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$1 million grant will fund PFAS research in West Michigan


A $1 Million dollar grant has been awarded for West Michigan to study the long term health affects of per- and polyfluoroalkyl substances, commonly referred to as PFAS. U.S. Senator Gary Peters of Michigan Tuesday announced the  grant from the Centers for Disease Control and Prevention and the Agency for Toxic Substances and Disease Registry to conduct how PFAS is affecting West Michigan resident’s health. According to a news release, researchers hope to use the money to help gain a better understanding of how PFAS and its relationship to certain illnesses the chemical can cause; cause, like liver and kidney cancer, while, the goal is to promote awareness of the health risks PFAS poses to communities in Michigan and throughout the nation.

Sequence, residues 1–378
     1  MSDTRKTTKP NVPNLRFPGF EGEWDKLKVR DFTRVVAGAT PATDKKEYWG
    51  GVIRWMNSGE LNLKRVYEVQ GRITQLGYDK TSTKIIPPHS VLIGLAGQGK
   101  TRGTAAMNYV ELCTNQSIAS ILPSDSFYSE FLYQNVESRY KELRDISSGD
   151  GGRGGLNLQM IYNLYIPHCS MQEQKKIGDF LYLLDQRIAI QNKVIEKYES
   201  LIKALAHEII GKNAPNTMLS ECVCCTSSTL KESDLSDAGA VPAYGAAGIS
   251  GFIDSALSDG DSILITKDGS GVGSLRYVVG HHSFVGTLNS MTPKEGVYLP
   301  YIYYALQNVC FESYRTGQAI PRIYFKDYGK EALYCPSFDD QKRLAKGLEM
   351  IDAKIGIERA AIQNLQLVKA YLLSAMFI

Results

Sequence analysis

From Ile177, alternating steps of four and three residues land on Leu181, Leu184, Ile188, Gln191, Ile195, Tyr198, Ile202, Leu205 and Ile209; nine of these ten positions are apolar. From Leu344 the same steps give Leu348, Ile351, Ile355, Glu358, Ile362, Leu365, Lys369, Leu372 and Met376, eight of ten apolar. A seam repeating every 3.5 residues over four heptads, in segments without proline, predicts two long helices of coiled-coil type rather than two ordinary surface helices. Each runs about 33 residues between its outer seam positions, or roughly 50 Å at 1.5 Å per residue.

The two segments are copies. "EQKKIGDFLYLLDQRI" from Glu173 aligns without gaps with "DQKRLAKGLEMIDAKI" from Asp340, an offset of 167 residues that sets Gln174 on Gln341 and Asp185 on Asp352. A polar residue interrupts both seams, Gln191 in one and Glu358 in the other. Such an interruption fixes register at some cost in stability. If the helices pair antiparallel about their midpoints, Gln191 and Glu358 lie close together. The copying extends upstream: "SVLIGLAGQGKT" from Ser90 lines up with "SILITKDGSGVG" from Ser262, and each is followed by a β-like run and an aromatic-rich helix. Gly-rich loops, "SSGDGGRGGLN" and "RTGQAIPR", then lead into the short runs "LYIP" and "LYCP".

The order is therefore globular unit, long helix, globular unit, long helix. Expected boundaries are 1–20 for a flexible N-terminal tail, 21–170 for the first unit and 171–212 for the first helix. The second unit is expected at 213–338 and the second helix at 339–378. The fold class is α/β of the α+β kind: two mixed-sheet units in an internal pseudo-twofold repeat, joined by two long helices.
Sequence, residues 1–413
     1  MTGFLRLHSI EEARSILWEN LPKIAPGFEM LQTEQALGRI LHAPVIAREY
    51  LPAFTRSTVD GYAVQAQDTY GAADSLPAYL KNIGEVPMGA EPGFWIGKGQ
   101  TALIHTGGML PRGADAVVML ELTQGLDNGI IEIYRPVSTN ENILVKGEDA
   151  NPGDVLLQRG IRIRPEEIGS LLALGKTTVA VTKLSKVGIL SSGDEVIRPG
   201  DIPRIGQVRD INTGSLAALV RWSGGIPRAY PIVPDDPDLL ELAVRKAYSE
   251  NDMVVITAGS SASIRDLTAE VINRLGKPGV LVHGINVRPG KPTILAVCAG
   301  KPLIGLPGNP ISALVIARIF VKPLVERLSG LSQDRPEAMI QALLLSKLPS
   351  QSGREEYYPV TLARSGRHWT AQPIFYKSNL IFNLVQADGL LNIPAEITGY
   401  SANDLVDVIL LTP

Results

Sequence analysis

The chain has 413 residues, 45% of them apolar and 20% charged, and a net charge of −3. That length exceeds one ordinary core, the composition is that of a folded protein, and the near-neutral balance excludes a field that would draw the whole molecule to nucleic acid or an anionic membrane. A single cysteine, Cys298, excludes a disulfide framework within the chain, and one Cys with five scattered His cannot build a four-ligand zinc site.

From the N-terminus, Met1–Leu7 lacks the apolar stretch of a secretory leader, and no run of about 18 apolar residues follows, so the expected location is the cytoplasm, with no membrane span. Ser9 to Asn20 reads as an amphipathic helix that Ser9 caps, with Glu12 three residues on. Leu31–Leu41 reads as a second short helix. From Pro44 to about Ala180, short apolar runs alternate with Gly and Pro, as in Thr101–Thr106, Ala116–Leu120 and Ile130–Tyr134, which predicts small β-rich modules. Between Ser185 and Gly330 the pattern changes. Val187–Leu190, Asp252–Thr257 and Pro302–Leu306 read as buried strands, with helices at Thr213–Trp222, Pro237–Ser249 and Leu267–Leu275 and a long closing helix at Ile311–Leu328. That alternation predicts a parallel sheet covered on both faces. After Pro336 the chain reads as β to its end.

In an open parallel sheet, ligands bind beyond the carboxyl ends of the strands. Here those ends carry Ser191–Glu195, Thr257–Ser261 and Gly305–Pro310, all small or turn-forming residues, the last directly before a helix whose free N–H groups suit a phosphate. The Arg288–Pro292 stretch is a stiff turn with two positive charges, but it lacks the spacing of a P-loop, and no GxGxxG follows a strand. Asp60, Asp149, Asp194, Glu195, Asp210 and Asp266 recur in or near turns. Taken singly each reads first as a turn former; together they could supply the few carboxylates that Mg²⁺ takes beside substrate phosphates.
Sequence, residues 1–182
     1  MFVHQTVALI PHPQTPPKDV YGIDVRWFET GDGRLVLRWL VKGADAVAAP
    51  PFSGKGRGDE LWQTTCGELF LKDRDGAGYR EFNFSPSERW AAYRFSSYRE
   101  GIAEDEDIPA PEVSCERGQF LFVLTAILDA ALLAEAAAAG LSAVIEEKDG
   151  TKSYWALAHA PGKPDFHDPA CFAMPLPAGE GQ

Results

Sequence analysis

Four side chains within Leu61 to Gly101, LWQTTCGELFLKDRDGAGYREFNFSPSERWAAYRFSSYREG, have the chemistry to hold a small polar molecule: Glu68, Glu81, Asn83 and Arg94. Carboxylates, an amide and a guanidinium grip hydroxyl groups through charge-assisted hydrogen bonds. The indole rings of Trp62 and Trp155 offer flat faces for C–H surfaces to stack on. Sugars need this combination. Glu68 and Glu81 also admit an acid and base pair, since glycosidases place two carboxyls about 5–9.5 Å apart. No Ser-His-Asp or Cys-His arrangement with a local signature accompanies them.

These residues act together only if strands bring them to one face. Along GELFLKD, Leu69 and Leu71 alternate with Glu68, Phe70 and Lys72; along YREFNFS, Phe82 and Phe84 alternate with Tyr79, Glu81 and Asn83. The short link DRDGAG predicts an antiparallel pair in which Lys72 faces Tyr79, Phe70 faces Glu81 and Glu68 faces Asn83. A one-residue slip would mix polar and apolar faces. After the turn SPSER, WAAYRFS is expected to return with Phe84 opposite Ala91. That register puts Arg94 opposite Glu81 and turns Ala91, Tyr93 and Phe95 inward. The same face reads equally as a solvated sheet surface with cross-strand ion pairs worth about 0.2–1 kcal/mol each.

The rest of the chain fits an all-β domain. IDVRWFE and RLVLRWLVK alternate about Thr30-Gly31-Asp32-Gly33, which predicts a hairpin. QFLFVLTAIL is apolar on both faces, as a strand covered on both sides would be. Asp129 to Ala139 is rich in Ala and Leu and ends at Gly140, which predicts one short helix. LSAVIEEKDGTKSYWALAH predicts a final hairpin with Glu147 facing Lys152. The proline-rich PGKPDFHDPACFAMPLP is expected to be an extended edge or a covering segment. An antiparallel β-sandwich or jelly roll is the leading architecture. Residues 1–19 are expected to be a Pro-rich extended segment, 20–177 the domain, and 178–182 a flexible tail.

Peters recently told WGVU, that pressure needs to be placed on the companies that use what scientists call “the forever chemical,” because once ingested, it reportedly never leaves the body.

“We have got to move past PFAS as a chemical that’s being put in everyday products, and that has to happen very quickly.”

According to the Environmental Working Group, or the EWG, recent data shows that Michigan leads the nation in the number of confirmed PFAS contaminated water supplies in the nation. PFAS contamination has hit a number of communities in West Michigan, most notably Rockford and Belmont, with hundreds of private wells confirmed to be contaminated with PFAS chemicals. 

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